Biomarker Discovery After Occupational Exposure To Volatile Organic Compounds And Aerosols In F-15 and C-130 Flight Line Crews: Examination of ProInflammatory Cytokines in Serum
Interim rept. Apr 2011-Aug 2014
AIR FORCE RESEARCH LAB WRIGHT PATTERSON AFB OH HUMAN PERFORMANCE WING (711TH) HUMAN EFFECTIVENESS DIR/ BIOEFFECTS DIVISION
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Air and ground crews transfer significant amounts of jet fuel and, as a result of transfers, breathe its volatile emissions. Working on flight lines also exposes maintainers to jet fuel exhaust. Little is known concerning levels of exposure and corresponding response biomarkers associated with human jet fuel exposure. The objective of this study was screening blood for detectable jet fuel components and potential biomarkers. As collaborative research the Japan Air Self-Defense Force measured JP-4 or JP-8 components in blood and the U.S. Air Force analyzed for biomarkers. This report describes methods and results for examining ten proinflammatory cytokines in serum. Blood was collected from volunteers at USAF and JASDF air bases in Japan only once pre-shift, post-shift, and the following morning. Concentrations of 5 cytokines GM-CSF, IFN- , IL-2, IL-1 and IL-1 fell below assay range. No changes were observed with IL-6, IL-10, and IL-12 p70. TNF- at Kadena AB showed a significant increase post-shift for JP-8-exposed subjects, but levels did not differ from control subjects. IL-8 levels in JP-4-exposed subjects were higher than those in Tachikawa control subjects no active runway at the post-shift time point. IL-8 levels in JP-8-exposed subjects were also higher than levels in control subjects at the recovery time point. IL-8 levels in JP-4-exposed subjects were higher than levels in JP-8-exposed subjects at all three time points. Data might indicate a low level of inflammation. However, cytokines may not be sensitive markers for jet fuel exposure or exposure was too low to trigger inflammatory effects.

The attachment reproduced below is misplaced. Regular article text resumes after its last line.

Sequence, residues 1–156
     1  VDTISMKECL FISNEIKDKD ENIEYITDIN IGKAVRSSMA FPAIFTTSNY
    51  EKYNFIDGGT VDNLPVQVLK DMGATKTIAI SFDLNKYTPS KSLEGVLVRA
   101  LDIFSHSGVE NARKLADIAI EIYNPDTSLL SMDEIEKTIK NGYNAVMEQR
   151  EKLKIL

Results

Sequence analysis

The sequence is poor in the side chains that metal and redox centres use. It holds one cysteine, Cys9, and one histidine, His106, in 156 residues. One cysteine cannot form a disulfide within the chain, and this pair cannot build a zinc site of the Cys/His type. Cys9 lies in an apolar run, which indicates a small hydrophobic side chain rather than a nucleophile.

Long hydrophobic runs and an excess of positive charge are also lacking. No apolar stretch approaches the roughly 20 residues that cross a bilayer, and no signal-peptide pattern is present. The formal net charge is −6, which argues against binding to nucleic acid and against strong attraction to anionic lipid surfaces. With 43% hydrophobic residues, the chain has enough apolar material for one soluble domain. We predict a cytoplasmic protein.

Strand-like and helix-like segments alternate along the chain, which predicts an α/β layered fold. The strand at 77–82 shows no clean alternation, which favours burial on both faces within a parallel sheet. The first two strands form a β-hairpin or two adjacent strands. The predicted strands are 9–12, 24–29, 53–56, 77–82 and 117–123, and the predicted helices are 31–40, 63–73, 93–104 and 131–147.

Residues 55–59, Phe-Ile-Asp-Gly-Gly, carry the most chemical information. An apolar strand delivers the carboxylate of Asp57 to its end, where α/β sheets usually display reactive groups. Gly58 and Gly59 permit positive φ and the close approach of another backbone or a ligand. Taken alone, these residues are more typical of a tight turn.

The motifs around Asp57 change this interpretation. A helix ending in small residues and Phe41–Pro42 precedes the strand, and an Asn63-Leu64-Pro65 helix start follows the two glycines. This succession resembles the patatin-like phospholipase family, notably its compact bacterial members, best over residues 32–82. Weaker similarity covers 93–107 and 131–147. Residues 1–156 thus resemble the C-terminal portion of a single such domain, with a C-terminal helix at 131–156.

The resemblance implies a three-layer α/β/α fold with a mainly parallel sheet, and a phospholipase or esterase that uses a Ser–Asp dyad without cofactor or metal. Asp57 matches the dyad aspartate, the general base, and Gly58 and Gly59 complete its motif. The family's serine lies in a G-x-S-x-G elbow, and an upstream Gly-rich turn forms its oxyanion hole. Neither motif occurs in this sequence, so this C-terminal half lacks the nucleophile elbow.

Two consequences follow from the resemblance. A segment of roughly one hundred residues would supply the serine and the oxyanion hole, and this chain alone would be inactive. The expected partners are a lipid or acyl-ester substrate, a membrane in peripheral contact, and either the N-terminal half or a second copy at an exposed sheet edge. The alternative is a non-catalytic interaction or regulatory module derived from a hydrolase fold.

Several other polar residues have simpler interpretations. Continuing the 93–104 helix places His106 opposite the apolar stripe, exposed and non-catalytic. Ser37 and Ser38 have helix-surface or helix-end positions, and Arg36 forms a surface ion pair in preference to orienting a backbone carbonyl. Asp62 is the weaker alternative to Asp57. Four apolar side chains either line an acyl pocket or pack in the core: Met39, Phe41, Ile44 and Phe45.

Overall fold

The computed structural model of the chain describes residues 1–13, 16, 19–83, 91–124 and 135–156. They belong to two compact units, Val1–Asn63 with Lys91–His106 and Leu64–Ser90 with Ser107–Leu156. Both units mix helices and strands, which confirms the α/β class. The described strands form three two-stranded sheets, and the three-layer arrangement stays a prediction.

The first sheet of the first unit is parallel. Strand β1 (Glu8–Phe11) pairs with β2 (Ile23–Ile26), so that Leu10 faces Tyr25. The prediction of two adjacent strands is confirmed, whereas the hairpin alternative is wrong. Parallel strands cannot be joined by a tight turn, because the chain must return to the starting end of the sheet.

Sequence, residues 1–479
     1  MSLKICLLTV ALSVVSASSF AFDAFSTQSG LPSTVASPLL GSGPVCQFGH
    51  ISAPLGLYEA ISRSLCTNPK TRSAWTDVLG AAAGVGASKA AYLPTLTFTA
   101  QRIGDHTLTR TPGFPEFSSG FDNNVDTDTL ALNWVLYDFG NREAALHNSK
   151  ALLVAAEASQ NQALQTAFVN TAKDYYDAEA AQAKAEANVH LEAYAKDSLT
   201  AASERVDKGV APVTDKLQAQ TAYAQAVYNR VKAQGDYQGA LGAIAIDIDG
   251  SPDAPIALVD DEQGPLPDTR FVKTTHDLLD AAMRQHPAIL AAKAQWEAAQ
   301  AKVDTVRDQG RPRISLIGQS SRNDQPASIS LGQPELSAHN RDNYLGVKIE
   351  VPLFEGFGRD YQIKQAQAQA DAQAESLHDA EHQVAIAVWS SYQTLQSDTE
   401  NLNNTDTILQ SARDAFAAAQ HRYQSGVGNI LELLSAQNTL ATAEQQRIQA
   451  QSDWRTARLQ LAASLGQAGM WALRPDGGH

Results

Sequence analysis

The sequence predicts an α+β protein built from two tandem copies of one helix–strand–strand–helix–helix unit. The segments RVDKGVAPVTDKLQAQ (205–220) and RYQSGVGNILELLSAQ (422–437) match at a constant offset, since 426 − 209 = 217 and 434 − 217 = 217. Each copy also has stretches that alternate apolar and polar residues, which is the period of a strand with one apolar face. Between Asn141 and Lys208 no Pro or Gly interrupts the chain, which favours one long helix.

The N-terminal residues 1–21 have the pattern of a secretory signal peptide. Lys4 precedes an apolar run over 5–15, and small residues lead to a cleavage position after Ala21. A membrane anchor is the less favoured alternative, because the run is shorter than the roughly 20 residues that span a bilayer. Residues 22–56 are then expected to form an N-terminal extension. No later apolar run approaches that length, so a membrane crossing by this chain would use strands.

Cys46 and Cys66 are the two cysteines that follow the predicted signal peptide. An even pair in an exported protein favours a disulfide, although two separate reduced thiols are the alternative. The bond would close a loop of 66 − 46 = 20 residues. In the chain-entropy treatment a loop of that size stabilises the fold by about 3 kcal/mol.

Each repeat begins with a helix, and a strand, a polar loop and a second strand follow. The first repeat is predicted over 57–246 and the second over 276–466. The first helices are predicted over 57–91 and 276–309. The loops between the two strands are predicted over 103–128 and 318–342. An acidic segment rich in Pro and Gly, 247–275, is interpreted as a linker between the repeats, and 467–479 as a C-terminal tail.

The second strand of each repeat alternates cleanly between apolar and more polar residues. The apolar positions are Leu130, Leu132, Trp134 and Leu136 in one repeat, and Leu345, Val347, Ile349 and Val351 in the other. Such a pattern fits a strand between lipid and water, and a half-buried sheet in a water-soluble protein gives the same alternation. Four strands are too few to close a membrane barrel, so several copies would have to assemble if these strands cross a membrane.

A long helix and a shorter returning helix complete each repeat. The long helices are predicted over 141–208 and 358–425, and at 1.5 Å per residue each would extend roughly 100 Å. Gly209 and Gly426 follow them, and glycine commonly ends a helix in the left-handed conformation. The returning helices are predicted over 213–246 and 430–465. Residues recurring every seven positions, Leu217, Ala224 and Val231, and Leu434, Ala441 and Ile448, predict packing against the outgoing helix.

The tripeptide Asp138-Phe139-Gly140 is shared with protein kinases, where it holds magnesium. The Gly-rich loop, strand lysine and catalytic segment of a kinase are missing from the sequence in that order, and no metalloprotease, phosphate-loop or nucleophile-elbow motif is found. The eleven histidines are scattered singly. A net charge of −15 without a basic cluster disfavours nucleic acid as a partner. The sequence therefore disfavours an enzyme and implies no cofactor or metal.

- Medicine and Medical Research